NYSE Arca, previously known as ArcaEx, an abbreviation of Archipelago Exchange, is an exchange on which both stocks and options are traded. It is owned by Intercontinental Exchange and is headquartered in Chicago.
Early reports indicate that NYSE Arca may have played an early role in the 2010 Flash Crash.
In November 1994, Stuart Townsend and Gerald Putnam founded TerraNova Trading LLC, an electronic securities exchange, in Chicago. Its product, Archipelago, started accepting trading orders on January 20, 1997. Archipelago is one of the first ECNs and a precursor to the Archipelago Exchange (ArcaEx) that was created in 2001 to facilitate electronic stock trading on US stock exchanges.
In 2005, Archipelago Holdings, the owner of ArcaEx, bought the Pacific Exchange, after what had been a close working relationship since 2001.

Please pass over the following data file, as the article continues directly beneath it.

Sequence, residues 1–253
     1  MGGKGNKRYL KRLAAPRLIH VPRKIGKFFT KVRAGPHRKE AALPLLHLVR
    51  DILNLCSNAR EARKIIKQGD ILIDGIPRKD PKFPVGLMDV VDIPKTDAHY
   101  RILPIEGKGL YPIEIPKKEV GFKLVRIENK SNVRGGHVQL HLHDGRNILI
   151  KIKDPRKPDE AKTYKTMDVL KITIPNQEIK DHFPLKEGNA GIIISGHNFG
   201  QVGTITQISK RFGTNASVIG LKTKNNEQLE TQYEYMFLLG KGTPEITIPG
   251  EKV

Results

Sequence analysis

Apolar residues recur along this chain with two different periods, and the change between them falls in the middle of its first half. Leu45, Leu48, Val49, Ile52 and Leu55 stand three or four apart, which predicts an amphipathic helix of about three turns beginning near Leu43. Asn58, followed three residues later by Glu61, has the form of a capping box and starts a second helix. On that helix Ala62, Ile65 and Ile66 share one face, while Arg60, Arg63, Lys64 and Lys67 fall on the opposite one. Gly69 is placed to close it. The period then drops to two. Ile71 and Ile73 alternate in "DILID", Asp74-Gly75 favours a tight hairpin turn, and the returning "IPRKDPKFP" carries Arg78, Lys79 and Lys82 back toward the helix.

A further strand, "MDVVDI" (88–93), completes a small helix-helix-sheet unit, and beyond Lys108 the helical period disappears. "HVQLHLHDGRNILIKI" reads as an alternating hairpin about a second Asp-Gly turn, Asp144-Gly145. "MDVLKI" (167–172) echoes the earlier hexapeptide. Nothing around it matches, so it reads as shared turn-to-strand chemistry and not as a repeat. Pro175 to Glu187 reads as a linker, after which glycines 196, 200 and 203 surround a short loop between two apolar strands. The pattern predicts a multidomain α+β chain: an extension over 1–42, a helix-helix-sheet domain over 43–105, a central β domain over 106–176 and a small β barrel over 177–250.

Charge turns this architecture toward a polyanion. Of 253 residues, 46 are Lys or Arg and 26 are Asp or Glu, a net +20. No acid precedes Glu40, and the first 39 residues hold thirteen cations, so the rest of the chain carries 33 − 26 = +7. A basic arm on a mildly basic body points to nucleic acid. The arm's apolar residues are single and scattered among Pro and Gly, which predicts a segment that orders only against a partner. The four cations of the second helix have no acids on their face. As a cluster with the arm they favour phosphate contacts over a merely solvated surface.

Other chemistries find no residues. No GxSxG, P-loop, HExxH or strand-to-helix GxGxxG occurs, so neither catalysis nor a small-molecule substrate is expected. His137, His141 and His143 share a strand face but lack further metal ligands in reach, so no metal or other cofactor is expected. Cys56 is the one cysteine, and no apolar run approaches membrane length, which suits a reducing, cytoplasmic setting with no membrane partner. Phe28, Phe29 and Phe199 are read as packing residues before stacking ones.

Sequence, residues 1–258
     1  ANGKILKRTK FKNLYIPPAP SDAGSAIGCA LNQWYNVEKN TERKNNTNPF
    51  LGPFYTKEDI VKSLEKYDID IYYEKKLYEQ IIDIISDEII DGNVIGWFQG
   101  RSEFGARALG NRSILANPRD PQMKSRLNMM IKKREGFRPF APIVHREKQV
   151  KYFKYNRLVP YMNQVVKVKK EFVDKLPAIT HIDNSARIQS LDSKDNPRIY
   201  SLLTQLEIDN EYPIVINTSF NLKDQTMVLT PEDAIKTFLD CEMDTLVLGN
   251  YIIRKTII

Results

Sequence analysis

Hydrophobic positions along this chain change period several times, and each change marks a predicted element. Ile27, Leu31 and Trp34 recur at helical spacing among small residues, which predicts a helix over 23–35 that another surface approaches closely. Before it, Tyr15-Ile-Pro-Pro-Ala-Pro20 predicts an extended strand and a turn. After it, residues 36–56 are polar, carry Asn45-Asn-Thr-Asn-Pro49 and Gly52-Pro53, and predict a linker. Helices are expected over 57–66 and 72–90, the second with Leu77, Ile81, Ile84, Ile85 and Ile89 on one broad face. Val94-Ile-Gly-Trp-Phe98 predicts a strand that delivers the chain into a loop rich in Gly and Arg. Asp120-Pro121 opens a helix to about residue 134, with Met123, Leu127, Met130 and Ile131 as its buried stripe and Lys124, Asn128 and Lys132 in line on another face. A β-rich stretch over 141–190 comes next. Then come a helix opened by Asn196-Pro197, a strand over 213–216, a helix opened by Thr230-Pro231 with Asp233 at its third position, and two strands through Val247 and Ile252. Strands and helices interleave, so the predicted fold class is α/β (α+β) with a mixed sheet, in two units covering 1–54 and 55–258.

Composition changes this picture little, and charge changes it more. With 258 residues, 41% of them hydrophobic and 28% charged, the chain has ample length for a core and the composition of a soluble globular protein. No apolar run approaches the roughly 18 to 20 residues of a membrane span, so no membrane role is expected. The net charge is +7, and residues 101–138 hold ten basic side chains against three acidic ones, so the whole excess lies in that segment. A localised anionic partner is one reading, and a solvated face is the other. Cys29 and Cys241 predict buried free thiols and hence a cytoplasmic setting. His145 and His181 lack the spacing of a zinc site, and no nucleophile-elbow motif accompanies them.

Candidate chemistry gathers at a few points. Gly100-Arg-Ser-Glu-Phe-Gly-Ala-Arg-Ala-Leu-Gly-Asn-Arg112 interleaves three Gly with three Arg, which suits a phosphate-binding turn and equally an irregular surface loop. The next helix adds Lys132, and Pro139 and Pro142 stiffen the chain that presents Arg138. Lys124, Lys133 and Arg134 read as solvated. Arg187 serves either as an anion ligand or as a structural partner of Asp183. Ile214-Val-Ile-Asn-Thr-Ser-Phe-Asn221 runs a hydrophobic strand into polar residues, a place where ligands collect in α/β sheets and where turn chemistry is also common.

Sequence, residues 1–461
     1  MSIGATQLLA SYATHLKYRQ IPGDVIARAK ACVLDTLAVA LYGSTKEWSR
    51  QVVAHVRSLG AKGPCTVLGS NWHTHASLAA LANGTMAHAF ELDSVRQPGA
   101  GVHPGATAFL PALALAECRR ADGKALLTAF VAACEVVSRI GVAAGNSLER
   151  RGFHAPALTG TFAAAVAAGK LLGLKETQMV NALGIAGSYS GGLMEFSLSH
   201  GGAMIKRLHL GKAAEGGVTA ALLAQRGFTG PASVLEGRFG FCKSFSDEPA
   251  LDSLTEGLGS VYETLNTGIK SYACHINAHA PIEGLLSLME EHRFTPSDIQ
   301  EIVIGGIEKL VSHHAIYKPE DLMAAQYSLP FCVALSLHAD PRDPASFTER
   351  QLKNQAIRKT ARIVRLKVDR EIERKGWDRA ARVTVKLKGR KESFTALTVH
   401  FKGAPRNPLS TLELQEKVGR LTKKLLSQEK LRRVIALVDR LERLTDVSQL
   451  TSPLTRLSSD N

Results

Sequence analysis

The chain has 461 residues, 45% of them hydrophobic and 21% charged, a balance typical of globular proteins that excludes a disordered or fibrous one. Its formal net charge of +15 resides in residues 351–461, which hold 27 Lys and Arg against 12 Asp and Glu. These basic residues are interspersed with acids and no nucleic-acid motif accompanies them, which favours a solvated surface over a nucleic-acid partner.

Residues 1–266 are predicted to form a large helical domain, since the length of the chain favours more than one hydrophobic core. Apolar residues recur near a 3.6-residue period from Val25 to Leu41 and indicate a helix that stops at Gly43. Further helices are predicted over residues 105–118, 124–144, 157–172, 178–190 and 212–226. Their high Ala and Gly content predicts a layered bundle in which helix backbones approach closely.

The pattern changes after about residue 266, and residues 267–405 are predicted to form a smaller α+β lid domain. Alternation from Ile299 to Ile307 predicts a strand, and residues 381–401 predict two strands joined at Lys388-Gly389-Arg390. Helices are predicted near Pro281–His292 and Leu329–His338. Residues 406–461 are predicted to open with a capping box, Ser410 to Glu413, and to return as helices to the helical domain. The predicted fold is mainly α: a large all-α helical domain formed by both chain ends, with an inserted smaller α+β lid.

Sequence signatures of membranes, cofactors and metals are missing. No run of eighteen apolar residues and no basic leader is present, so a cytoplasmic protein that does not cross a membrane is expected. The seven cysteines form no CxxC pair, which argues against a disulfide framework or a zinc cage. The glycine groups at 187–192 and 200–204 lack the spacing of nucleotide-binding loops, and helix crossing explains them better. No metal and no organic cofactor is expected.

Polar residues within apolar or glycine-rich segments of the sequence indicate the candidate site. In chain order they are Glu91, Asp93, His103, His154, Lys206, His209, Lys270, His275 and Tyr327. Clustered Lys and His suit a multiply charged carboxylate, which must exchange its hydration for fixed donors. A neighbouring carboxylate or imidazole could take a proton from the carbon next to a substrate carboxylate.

NYSE Arca's liquidity fee/rebate structure resembles that of other electronic communication networks. In late 2006, it was the first one to offer NASDAQ-style fees on New York Stock Exchange-listed securities, a move that was soon copied by NASDAQ and other electronic communication networks. NYSE Arca charges traders that remove liquidity from the Arca-book $3.00 per 1,000 shares. Traders that add liquidity receive a $2.00 rebate per 1,000 shares. Traders that route orders out of the NYSE Arca system are charged $1.00 per 1,000 shares for Tape A securities and $4.00 per 1,000 shares for other securities.